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Everything you have to know about menstrual symptoms and how to deal with them

7 min read
Cycle Care

Approved by

Ingeborg van Dijk - trainee gynecologist
Menstruation: The stomach cramps, the headache, the cravings, the pimples. We think we can all live without the monthly pain party. Cycle decided to compile a list of tips that could help you ease your menstrual symptoms.

Menstruating is something few people look forward to. The stomach cramps, the headache, the cravings, the pimples… Don’t even get us started on the ruined pairs of underwear and spending our hard earned money on tampons and pads. Even though it’s a sign of fertility, I think we can all live without the monthly pain party. Cycle decided to compile a list of tips that could help you ease your menstrual symptoms.


Some have it easier than others, but in general, we can expect more from a period than just some light bleeding. For some people, menstrual symptoms are so bad that it makes productivity impossible and work difficult. In research conducted by RadboudUMC on the impact of menstruation on women, 85% reported suffering from monthly menstrual pain. In addition, 70% of women reported suffering from psychological complaints around menstruation. In fact, menstruating women lose an average of nine days of productivity each year. Not very surprising when you experience more monthly symptoms than just a little blood in your underwear. How many days before your period you experience symptoms varies. Symptoms of PMS (tiredness and mood swings to skin problems) are usually experienced a week before your period begins; during your period these symptoms usually disappear like snow in the sun.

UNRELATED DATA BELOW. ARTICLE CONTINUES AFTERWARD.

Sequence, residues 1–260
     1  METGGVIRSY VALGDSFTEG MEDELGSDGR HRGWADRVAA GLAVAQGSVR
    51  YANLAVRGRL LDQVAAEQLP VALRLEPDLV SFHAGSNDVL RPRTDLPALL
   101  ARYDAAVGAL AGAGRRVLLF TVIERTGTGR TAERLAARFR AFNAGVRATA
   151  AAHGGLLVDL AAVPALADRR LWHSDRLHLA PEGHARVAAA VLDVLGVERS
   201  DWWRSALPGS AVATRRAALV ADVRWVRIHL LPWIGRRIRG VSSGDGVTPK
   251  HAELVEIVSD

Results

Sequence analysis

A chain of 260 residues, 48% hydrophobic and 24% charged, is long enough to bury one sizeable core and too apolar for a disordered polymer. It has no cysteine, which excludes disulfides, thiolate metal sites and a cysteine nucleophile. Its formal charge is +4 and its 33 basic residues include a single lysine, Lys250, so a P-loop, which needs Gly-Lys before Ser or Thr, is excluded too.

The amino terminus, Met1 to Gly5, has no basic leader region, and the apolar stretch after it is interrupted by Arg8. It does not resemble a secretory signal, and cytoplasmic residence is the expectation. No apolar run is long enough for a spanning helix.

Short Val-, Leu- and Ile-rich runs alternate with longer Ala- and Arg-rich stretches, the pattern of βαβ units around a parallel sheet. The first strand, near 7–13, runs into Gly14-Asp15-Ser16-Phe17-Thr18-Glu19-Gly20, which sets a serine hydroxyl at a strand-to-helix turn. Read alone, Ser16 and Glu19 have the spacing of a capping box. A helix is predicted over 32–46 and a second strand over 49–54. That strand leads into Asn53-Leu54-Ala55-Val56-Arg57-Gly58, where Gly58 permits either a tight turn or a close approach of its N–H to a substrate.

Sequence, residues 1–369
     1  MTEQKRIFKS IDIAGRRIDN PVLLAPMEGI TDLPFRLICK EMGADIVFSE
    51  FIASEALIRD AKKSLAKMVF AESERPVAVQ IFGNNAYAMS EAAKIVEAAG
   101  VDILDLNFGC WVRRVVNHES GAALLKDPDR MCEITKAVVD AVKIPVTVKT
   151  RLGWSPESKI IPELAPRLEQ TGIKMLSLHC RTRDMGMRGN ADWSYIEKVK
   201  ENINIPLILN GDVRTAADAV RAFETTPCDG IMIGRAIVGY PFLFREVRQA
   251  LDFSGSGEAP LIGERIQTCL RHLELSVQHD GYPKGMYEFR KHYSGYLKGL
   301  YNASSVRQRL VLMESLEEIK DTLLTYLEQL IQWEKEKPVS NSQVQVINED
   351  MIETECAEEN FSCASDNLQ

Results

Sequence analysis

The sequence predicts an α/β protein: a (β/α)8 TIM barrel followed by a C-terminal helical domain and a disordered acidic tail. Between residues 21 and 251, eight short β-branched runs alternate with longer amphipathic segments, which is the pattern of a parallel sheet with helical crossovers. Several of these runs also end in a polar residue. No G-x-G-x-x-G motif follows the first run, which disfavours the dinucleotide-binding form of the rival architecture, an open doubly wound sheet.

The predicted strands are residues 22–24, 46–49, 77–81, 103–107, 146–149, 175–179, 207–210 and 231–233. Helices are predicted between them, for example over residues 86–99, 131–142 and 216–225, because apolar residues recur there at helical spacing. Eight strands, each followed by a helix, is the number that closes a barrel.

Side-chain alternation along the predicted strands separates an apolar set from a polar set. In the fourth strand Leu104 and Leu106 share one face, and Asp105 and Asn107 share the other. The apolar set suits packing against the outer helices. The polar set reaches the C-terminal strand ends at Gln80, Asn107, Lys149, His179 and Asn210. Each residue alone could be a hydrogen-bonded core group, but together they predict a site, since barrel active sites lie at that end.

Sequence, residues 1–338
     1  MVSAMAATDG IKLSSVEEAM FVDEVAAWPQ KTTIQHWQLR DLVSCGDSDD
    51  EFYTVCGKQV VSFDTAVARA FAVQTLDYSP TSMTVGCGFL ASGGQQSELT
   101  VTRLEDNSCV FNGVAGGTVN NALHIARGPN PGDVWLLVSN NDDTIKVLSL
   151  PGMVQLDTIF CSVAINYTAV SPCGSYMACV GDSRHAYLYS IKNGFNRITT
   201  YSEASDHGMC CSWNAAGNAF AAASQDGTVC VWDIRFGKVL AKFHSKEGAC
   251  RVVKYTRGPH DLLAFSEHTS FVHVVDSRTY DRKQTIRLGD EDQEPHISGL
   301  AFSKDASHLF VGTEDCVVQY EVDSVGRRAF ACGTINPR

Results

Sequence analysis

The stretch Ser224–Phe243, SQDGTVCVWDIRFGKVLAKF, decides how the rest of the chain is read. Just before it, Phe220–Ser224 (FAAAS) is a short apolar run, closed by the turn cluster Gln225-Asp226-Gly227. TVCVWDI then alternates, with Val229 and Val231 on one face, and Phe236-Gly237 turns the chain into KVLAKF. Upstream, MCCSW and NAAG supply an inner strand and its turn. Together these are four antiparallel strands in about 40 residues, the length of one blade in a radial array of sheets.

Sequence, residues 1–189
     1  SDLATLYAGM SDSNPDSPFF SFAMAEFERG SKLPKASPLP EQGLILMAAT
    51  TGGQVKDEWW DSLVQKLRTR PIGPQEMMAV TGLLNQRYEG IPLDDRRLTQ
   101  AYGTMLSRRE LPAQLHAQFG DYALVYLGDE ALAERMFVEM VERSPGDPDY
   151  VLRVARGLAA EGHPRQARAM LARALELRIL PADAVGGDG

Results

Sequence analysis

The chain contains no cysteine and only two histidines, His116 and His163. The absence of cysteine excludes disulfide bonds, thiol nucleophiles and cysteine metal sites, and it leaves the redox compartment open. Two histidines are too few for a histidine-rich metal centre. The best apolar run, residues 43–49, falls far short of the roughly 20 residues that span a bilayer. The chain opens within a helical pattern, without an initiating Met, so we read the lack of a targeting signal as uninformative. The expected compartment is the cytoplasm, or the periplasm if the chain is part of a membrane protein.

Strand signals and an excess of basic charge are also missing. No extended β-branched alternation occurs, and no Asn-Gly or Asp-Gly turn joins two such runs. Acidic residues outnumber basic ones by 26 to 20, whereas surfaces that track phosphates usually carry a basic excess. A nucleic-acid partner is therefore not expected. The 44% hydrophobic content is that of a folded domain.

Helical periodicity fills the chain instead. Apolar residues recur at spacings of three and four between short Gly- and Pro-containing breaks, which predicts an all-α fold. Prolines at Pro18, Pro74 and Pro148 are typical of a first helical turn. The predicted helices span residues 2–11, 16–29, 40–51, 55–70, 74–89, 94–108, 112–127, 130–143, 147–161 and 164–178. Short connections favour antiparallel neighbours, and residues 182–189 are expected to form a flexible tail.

Are you one of “the fortunate ones” who get to experience headaches, tiredness or cramps on a monthly basis? Lucky you! Whilst it might be impossible to completely avoid those menstrual cramps or stabbing pains in the belly, we do have some tips which can ease the pain and make that time of the month a little bit easier.

Stomach cramps

Your period called and she wants to say sorry for the cramps she brings. Menstrual cramps are almost always uncomfortable and for some they can even be debilitating. The feeling of painful menstrual cramps in the lower abdomen (read dysmenorrhoea) usually starts before the cycle begins or in the first few days of the cycle. This cramp is caused by the contracting of the muscles of the uterus. The result? Pain in the lower abdomen and lower back which can feel as a nagging pain in the lower left and right side of the abdomen.